Blankfein watchers have been treated to a flurry of sightings during the last few weeks. The formerly reclusive CEO has been popping up Zelig-like all over town and the press has taken note. Wasn't that Lloyd being escorted out of the White House by the Secret Service after a meeting with the president? Was that really Lloyd sitting in the back of the theater at a preview screening of Brad Pitt's new movie, Killing Them Softly?
What gives? I put the question to Goldman spokesperson, Michael Duvally. Here's his reply:
"I would say that we have felt the time was right to have a more proactive media strategy. In terms of Lloyd Blankfein's recent media appearances, they have focused on the importance of resolving the fiscal cliff, which is something he feels very strongly about."
Most of us know by now that Lloyd has climbed aboard the fiscal cliff bully pulpit in defense of his economic vision for the United States which includes a little Warren Buffett (the wealthy should pay higher taxes) but a lot of Koch Brothers (everything near and dear, namely entitlements, should be on the chopping block) and he's tied his star to a Fortune 500 Boy's Club that's taken the pro-active moniker, "Fix the Debt." His call, however, for Americans to lower their expectations and accept a little more hardship has gone down like castor oil for all those whose yearly salaries are far below the 16.1 million Lloyd drew last year in salary. But he's got the ear of the mainstream press thanks to the Goldman public relations team which has taken great pains in controlling the release of their golden boy so as to give selected journalists the impression that they're getting something special. Listen to CBS's breathy Scott Pelley somberly telling his audience that "An interview with Lloyd Blankfein is as rare as a look inside the Goldman Sachs money machine." Furthermore, the adoration accorded to the CEO by Pelley borders on the religious and Goldman has made the most of it, producing a 30-second spot about their good works that prefaces the actual online interview segment on the CBS website.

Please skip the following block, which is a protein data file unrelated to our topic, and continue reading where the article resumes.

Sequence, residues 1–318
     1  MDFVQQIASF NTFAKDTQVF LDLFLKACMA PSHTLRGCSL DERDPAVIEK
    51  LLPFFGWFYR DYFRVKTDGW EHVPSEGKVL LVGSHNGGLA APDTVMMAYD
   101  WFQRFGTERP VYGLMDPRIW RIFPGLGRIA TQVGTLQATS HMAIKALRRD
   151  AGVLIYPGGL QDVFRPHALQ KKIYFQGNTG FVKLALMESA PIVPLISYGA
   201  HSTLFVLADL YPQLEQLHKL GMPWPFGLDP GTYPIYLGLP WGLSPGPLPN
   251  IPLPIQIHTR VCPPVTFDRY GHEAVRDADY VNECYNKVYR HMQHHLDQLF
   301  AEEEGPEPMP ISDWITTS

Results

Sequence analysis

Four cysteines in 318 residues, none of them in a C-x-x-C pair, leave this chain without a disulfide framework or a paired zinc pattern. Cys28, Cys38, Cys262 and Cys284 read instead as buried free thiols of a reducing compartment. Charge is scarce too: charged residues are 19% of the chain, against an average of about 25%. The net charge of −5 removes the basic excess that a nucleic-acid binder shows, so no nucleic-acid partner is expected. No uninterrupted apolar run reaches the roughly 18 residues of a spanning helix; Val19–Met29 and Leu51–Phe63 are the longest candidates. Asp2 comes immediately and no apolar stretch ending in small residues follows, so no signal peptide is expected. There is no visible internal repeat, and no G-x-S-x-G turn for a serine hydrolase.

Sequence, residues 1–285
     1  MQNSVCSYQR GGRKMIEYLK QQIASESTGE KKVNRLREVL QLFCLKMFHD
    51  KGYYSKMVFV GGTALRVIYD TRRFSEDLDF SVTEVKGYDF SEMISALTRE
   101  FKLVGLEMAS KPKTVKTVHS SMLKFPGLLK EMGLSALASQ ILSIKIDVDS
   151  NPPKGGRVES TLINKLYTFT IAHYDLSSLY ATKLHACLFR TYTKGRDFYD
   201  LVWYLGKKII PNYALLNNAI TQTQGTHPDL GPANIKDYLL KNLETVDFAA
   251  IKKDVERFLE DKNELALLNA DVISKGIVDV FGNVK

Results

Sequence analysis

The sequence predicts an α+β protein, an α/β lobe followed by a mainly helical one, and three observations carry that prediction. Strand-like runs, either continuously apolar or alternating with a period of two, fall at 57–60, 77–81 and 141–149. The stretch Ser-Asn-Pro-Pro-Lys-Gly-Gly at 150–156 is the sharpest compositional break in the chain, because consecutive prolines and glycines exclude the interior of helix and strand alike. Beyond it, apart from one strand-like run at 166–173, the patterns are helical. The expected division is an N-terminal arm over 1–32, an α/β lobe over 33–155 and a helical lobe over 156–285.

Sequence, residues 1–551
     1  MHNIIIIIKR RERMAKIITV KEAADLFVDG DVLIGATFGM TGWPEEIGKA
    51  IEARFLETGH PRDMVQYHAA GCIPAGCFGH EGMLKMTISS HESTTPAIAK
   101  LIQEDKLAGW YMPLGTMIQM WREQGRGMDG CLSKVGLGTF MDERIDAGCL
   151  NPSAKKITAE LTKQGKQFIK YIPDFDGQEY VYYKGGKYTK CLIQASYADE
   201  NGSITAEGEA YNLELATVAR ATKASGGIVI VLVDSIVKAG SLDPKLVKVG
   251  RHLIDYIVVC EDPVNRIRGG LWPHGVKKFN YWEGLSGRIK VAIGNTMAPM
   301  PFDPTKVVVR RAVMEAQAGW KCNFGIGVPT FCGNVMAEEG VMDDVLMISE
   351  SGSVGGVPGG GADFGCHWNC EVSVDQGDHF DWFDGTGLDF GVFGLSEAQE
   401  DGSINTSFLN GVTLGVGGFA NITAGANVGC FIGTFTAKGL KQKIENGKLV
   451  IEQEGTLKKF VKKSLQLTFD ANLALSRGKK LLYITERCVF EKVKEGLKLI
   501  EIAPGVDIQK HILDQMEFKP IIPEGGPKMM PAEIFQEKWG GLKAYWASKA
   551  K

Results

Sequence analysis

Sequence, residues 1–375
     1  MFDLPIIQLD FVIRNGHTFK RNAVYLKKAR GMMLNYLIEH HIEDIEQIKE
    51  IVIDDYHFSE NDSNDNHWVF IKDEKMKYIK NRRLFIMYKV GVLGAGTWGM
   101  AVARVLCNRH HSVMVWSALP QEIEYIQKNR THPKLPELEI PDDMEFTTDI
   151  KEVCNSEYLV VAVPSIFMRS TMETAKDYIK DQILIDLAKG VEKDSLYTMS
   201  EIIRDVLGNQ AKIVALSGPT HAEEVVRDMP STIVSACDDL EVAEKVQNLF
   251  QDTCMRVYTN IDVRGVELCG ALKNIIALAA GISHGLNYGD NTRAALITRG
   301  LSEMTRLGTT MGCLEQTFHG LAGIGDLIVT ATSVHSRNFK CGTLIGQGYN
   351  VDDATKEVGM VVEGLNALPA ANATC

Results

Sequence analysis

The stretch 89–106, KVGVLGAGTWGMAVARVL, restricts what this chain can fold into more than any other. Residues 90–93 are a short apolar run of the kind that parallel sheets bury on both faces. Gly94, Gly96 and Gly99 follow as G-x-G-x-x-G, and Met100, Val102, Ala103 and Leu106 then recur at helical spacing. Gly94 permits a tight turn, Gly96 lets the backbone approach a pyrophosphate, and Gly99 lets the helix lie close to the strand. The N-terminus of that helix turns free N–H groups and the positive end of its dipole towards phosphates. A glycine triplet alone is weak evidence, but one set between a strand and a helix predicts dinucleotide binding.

It's a far different reception than the one given Lloyd at previous get-togethers, most notably before Senator Carl Levin's Congressional hearing during the 2008 investigation into Goldman's toxic "shitty" deals, or later in 2010 before Brooksley Born and the Financial Crisis Inquiry Committee which focused a lens on the dubious world of derivatives. All this agita producing publicity was embellished by Matt Taibbi's radioactive Rolling Stone campaign which covered Goldman in a plague of deep sea cephalopods and the more recent publication of the tell-all tattler by Greg Smith (Why I Left Goldman Sachs) which brought to light such news-unworthy events as a sighting of Blankfein, naked, air drying himself in a gym shower.